Childhood ADHD Linked to Poor Outcomes in Adulthood

Pam Harrison

October 18, 2012

Men diagnosed with attention-deficit/hyperactivity disorder (ADHD) in childhood have significantly worse functional outcomes as adults compared to their counterparts without the disorder, new research shows.

A 33-year follow-up study conducted by investigators at the Child Study Center at New York University Langone Medical Center in New York City showed that men who were diagnosed with ADHD as children had worse educational, occupational, economic, and social outcomes compared with non-ADHD comparison participants.

Led by Rachel G. Klein, PhD, the researchers also found higher rates of divorce, ongoing ADHD, antisocial personality disorder, and substance use disorders as well as more hospitalizations and incarcerations.

"Our findings confirm that men diagnosed with ADHD as children had multiple disadvantages throughout their lifetime," Dr. Klein said in a statement.

"It's essential that we monitor children with ADHD through adolescence and continue to treat them to help offset issues that can extend into adulthood," she added.

The study was published online October 15 in Archives of General Psychiatry.

Long-term Study

According to Dr. Klein, no previous prospective study of ADHD has gone beyond early adulthood.

To examine the long-term outcomes in this patient population, the investigators followed 135 men who were diagnosed with ADHD at a mean age of 8 years and a comparison group of 136 men not diagnosed with childhood ADHD. The average age at follow-up was 41 years.

At 33-year follow-up, results revealed that only 3.7% of affected men had academic degrees higher than high school diplomas, compared with 29.4% of comparator control participants.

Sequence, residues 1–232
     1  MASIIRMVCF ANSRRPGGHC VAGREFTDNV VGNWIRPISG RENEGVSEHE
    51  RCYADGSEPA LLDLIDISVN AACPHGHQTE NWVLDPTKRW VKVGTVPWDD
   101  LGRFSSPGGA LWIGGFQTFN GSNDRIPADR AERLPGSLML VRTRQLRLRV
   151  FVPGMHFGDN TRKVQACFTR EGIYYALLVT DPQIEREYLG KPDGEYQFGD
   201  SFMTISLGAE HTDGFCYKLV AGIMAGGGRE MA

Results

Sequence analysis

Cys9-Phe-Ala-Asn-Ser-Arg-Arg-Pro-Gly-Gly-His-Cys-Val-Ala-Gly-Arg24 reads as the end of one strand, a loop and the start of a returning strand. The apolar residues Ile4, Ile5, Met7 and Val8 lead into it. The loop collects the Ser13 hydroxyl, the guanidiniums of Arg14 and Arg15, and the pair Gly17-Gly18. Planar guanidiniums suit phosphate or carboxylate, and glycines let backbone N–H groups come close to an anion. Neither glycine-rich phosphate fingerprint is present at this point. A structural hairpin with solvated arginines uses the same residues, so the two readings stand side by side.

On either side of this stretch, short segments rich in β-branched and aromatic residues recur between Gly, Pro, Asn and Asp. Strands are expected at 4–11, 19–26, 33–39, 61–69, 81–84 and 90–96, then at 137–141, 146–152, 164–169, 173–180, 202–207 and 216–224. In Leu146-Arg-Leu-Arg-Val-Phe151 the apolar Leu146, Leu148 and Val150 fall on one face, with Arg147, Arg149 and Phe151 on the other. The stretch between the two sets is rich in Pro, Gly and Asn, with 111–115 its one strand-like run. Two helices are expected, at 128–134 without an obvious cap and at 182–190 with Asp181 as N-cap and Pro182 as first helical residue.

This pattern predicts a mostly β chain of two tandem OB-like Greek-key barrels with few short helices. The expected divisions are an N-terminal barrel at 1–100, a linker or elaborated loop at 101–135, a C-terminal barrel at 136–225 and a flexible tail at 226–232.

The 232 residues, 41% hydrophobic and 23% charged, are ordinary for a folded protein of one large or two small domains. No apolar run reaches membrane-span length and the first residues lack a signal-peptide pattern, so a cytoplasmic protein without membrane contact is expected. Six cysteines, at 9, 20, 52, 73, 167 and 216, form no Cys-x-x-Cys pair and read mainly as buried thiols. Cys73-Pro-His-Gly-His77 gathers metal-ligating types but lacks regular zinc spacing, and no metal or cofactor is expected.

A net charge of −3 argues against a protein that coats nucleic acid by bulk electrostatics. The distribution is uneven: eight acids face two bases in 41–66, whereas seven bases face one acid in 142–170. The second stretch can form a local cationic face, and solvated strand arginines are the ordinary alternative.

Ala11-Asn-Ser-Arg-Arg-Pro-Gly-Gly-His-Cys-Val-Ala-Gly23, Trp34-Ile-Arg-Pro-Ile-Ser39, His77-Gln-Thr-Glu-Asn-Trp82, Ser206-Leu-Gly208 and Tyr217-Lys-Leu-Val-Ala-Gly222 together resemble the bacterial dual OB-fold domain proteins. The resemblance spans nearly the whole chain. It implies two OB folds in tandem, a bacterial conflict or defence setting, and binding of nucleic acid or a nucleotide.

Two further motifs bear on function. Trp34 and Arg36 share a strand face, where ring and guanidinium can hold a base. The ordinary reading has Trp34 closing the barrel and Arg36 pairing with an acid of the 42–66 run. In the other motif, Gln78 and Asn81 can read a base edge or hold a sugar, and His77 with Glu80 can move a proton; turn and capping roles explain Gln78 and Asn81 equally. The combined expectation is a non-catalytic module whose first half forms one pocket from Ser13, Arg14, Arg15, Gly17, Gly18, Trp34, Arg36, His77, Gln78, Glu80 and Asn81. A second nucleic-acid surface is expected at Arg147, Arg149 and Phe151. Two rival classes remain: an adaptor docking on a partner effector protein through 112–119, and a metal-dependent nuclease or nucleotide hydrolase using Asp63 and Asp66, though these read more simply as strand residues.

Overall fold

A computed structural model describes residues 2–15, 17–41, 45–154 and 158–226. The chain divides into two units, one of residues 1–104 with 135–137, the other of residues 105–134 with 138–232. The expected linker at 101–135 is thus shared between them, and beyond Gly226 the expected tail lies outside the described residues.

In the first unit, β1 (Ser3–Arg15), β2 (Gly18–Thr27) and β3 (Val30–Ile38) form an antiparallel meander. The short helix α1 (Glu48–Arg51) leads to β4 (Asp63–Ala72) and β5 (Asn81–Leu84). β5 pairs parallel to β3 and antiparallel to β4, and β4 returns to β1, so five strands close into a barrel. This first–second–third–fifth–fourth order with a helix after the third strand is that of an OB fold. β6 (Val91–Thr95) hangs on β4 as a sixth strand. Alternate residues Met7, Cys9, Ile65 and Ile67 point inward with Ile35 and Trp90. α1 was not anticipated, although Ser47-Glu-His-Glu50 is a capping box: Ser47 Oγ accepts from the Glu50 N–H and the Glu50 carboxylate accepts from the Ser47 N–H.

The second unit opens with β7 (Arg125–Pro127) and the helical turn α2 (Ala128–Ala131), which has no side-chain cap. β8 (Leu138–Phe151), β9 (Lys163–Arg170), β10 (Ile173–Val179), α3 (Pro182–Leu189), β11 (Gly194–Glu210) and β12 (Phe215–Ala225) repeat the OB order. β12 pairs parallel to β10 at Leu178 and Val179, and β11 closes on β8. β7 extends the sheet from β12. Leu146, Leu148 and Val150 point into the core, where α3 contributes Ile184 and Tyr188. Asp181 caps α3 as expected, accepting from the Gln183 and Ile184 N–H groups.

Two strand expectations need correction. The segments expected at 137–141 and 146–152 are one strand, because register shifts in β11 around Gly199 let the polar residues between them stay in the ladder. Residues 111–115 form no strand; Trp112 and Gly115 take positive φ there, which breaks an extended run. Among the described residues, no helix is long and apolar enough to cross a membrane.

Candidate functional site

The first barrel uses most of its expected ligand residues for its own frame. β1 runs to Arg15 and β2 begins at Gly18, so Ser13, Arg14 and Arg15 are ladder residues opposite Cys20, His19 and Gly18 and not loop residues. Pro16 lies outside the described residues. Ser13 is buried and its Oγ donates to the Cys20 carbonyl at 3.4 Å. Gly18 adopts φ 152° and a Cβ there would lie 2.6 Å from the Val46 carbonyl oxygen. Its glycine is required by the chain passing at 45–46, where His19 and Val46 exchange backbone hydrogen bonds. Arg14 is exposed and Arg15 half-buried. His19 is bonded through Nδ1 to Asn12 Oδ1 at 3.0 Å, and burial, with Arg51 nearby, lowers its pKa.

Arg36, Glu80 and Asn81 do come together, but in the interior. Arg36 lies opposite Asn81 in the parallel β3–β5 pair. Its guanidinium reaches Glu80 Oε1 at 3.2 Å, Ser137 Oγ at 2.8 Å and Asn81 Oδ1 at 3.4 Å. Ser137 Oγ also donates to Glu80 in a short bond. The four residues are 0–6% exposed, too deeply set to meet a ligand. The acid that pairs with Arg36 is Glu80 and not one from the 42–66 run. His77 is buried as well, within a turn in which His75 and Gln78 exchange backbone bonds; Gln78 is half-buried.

Further, those with ADHD as children also had lower occupational status levels and relatively poorer socioeconomic status compared with control participants.

Despite the fact that 83.7% of men with ADHD held jobs, they were significantly less well off than their non-ADHD comparators, with an average annual income disparity of $40,000.

Men with childhood ADHD were also more likely to have ever been divorced — 31.1% vs 11.8% for the control group.

Men with childhood ADHD also had higher rates of ongoing ADHD, at 22.2% vs 5.1% for the comparison group. The authors note, however, that ADHD symptoms in the comparison group may have emerged during adulthood.

Both antisocial personality disorder and substance abuse disorder were also more frequent in men with childhood ADHD. However, the groups did not differ in the frequency of ongoing mood or anxiety disorders.

"Importantly, no new disadvantages emerged in adulthood in ADHD men," Dr. Klein added. "So problems started in adolescence, and this means that we need to help young patients with ADHD in adolescence."

Need for Continuous Treatment

Anthony Rostain, MD, from the Perelman School of Medicine at the University of Pennsylvania, in Philadelphia, told Medscape Medical News that this is the longest follow-up study of ADHD to date and for that reason alone, it is important.

The study findings are also important because they demonstrate that ADHD-related problems extend well into adulthood.

"Difficulties with substance use, academic underachievement, and relationship issues — all of those are already there in adolescence, so it speaks to the importance of addressing these problems in adolescence because they have lifelong consequences," said Dr. Rostain.

He noted that one of the issues not addressed in the study was how much treatment ADHD men received and what percentage of patients continued treatment at any point in time.

In fact, these men were diagnosed in the 1970s, when it was believed stimulants were addictive, so treatment with stimulants was discontinued by the time the children reached adolescence, he noted.

"This is likely an untreated group," Dr. Rostain speculated. "So this is the impact of not getting treatment continuously."

The findings also demonstrate the importance of identifying ADHD symptoms in patients of all ages. The study, he noted, measured both clinical and functional outcomes, which are "the cost of ADHD in terms of real-life adaptations and managing the demands of adulthood."

The authors and Dr. Rostain have disclosed no relevant financial relationships.

Arch Gen Psychiatry. Published online October 15, 2012. Abstract

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